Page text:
While hooking and fighting a fish may not do it any favors, the real harm can come after the fish is released. Soft plastics and lead jigs can be toxic to fish and other critters.

Driven by economic changes and government bans on certain types of tackle, manufacturers are making lures and jigs that are environmentally friendly. And anglers love them just as much as the fish do.

Several states have already banned lead fishing tackle while scientists and environmentalists are looking at the effect plastic lures may have on fish and the environment. There are plenty of studies and reports documenting lead and plastics ingested by fish, birds and other water animals. What is surprising is the amount of lures that end up in the water.

One of the biggest problems is fish and animals eating discarded plastics

In one survey, researchers collected 310 discarded soft plastic lures, a total weighing over 12 pounds, from 50 tournament participants. Another survey found 10 to 20 soft plastic lures around each launch ramp in the survey area. With the writing on the wall, tackle manufacturers have been ahead of the scientists and law makers by producing biodegradable lures and non-toxic plastics that work just as well as the classics.

For Daniel Nussbaum at Z-Man, producing environmentally-friendly soft plastics was mandated by common sense. “ElaZtech baits are 100-percent non-toxic and contain no PVC, plastisol or phthalates,” he says. In addition, the material is considerably tougher than traditional PVC so an angler can catch more fish before throwing the plastic away. Nussbaum brags, “One angler caught over 200 fish on one soft plastic.”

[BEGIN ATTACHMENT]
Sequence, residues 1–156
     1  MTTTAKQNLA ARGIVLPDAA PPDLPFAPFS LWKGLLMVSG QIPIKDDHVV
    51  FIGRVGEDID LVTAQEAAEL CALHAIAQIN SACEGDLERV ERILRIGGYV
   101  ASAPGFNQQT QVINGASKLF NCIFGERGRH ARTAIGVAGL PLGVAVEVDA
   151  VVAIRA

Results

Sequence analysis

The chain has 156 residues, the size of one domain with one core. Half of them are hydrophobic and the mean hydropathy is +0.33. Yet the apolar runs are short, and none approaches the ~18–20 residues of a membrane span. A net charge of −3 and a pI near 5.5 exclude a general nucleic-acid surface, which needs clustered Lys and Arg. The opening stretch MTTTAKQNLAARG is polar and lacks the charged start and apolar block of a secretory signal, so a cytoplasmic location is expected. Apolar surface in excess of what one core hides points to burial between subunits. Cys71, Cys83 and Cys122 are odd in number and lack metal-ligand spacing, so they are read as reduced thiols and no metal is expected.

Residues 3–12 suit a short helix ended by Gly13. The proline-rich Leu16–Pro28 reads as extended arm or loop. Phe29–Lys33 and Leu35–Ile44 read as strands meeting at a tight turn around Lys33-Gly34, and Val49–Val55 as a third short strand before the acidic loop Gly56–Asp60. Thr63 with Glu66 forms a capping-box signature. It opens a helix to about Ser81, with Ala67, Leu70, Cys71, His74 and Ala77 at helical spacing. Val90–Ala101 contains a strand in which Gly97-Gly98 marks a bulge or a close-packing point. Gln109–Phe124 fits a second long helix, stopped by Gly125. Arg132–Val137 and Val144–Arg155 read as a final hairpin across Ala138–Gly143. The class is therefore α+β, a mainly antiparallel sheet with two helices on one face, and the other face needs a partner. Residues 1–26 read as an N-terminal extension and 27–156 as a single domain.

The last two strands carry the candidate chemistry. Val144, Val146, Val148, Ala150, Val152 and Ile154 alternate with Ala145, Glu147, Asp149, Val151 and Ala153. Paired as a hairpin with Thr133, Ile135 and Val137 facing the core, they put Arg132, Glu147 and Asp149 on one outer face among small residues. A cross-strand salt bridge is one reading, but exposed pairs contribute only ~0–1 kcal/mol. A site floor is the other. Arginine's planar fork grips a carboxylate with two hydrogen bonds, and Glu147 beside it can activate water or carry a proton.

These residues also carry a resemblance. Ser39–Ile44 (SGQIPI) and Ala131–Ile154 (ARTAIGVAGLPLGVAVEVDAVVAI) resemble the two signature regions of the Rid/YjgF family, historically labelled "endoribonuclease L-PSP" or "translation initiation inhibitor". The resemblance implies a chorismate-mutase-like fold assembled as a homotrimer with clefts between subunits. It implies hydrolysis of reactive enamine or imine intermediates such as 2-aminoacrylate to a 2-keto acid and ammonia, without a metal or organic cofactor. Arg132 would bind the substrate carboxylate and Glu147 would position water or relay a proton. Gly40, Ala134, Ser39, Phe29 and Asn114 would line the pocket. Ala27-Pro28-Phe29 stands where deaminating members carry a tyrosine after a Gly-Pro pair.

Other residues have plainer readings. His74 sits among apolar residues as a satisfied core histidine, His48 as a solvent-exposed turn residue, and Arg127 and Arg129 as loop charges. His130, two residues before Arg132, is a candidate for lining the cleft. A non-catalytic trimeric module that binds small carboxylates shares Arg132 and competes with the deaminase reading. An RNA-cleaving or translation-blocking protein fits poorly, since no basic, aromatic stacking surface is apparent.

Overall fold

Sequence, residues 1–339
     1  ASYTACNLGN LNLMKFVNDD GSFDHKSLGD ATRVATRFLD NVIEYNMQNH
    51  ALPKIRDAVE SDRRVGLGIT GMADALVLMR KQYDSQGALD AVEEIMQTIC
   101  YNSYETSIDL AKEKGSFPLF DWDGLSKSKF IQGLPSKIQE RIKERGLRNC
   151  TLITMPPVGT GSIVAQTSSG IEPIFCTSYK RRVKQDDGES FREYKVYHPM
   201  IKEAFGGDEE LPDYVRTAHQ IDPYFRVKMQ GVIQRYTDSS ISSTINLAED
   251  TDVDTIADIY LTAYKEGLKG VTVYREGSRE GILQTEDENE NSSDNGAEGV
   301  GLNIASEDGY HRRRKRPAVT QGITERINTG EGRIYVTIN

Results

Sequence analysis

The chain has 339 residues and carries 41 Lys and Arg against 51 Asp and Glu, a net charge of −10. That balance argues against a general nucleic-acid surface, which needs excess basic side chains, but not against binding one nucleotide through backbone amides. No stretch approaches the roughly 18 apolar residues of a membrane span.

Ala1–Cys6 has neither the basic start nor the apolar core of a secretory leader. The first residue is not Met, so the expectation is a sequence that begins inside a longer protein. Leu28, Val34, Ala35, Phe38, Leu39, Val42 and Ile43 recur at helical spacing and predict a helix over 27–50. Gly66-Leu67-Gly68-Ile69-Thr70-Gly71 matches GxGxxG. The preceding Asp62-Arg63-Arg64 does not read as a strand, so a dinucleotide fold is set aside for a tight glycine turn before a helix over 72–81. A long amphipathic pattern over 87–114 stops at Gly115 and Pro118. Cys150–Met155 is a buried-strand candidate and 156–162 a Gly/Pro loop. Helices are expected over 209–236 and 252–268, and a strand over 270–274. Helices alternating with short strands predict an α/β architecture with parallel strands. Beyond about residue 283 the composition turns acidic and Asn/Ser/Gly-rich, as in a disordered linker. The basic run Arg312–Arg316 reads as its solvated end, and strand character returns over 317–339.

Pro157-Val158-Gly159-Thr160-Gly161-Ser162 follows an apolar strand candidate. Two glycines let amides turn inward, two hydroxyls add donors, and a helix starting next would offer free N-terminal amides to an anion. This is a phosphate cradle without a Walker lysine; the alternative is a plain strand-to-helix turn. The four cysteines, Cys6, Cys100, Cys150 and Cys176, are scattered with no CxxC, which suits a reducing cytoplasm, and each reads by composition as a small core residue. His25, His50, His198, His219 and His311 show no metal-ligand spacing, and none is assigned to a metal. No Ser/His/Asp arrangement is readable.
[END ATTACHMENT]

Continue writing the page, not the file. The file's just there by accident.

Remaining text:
These new-age baits float, too. “PVC sinks and a discarded lure ends up on the bottom where another fish could eat it or it just sits there forever,” he says. A floating bait can be retrieved by the angler, or eventually floats to the bank. “One of the biggest problems is fish and animals eating discarded plastics,” he adds. Nussbaum promises Z-Man will continue to innovate until an angler can have a full arsenal of environmentally friendly lures.

Creating environmentally friendly tackle has been a driver at Berkley for 30 years

That would suite John Prochnow just fine. Prochnow is Director of Product Innovation at Berkley. He’s one of the guys responsible for biodegradable Gulp! and lead-free Gulp! jigs, among other Pure Fishing products. “Creating environmentally friendly tackle has been a driver at Berkley for 30 years,” he explains. In recent years, Prochnow has noticed even more motivation for going green.

“Not only because of regulations against certain types of fishing tackle, but the landfill restricts how much material the company can dispose,” says Prochnow. What started as an economic motivation for recycling and reducing waste has caught on with anglers. “As the price of plastic-free and lead-free lures comes down, anglers are more willing to make the jump from traditional tackle,” he says. In fact, consumer research shows that anglers will pay more for a lure that is environmentally friendly and works just as well. Prochnow expects this trend to continue as anglers become more aware of the effects of tackle on the environment. “After all,” he points out, “fishermen are conservationists, first.”


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